SPOILERS THROUGHOUT. I will try to be plot-vague, but specific enough to be useful. These are probably also out of order.
Overall statements of intent
I’m a white person writing about characters from a variety of fictional racial and cultural backgrounds. I strive to build complex characters, cultures and worlds that aren’t built on lazy shortcuts or the shortcomings of our own world, but I also bring in my own unconscious biases in this area. I welcome good-faith comment on my work, and seek to improve whenever I fall short.
The world in which the Healers books and any future spin-offs take place is intentionally one without homophobia or transphobia (and the rest of their archipelago of phobias), and as little ingrained sexism as I can consciously manage.
In other words, queer people exist, and it’s never a problem to anyone. Similarly, women are considered equal to men and always have been. My characters can be obnoxious for a vast array of reasons, but not because of another character’s sexuality, sex, gender or gender presentation. Their world doesn’t give such biases a pass. Being a homophobe/etc. isn’t a part of anyone’s religion or culture, no one considers it normal to be shitty about it, it just isn’t accepted and effectively doesn’t exist.
Why? It’s my story, and I decide how to build the world. So that’s how I built it. You can do that. It’s fiction.
That’s my goal while writing. I acknowledge that I bring in my own unconscious biases, welcome good-faith comment on those aspects as well, and seek to improve when I fall short.
I choose not to use sexual assault or the threat thereof as a plot point or backstory in my work. Part of that comes out of building gender equality into the setting; part of it is because I simply choose not to.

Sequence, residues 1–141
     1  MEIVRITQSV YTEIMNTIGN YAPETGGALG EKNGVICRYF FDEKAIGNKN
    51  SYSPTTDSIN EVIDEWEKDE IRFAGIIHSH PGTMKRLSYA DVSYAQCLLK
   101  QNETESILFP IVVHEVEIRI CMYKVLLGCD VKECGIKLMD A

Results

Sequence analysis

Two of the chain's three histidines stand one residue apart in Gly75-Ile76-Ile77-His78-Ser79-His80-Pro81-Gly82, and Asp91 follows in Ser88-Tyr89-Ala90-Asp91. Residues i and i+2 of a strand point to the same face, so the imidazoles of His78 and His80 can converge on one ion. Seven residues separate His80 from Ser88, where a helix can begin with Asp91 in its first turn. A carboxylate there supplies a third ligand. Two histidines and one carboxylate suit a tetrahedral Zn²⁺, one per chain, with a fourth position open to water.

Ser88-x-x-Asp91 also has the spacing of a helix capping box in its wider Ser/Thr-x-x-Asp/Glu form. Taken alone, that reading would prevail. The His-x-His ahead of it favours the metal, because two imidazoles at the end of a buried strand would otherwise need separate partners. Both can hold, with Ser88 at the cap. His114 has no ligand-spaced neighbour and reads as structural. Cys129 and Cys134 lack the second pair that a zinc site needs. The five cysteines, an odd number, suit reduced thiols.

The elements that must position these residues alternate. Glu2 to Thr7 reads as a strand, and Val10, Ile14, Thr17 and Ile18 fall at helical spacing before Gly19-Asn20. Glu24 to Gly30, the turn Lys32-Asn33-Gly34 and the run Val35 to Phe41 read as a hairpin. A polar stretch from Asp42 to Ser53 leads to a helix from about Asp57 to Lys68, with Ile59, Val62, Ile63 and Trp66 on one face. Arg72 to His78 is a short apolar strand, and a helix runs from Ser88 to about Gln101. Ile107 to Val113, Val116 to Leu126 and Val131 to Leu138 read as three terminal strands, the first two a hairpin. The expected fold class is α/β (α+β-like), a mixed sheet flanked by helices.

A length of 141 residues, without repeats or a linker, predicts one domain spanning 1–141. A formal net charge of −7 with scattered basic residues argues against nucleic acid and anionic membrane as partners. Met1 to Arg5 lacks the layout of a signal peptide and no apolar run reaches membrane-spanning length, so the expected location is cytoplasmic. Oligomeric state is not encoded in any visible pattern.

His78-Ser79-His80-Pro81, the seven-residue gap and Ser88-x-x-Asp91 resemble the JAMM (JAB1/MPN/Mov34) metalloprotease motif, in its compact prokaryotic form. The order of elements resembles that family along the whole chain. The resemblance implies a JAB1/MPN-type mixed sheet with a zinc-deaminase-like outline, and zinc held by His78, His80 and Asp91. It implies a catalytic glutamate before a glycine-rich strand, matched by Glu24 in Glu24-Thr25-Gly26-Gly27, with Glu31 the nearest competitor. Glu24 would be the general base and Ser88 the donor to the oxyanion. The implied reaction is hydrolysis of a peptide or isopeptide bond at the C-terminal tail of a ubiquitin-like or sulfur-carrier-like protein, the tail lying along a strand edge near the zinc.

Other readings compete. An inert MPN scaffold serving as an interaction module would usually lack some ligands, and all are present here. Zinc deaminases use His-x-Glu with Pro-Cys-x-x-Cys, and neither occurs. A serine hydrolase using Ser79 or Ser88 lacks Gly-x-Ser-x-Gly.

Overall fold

I don’t generally write about children in peril, though child death is mentioned in book 3 (The Healers’ Purpose).
I don’t write about companion animals in peril. If they show up, they’re going to be okay.
It’s kind of a surprise to me that religion has such a big role in my work, because I’m not religious, and was raised with only the barest cursory gestures toward one. But belief ended up being a core part of one of the narrators of the Healers series, and so it’s pretty pervasive.
Details about the various religions and factions will eventually be outlined on the Lore pages of this site, but my point here is that none of the fictional religions in my work are intended as a commentary on or recommendation for any real-world religion. They’re all melanges of various cultural influences, wrapped around ideas/ethical frameworks that I thought it would be interesting to explore. That’s all.
The Healers series
The most frequent content warnings for the Healers series overall are medical gore, depressive internal monologue (particularly in book 1), and rudeness sometimes bordering on fictional racism. One of the narrators is bisexual, and it comes up fairly frequently. (I count that as a positive TBH, but reviews have commented on it, so it may be worth noting.) There’s a lot of religious references in the series as well, primarily in book 1 but continuing throughout. One of the narrators is deeply religious, and the other is not; the differences between their worldviews are a part of their character arcs. The story itself doesn’t take a stance either way.
The Healers’ Home
- Swearing: 17 d—ns and three sh—s (two from the same fairly salty character)
- A character uses some racialized insulting language at another
- Discussion and description of / scenes with side characters who are experiencing homelessness
- A character does some magical healing on a patient’s leg, with a moderately detailed description of a broken bone injury
- One of the narrators continues to have depression and seeks what we’d now call talk therapy for it – in the story, this is in the form of a religious counselor
- A healer character talks about the death of a patient
- References to food scarcity/shortages on an individual and city-wide level
- A character is confronted by police and has a crossbow pointed at them
- A character enters a “marriage of convenience” arrangement, with no sexual activity involved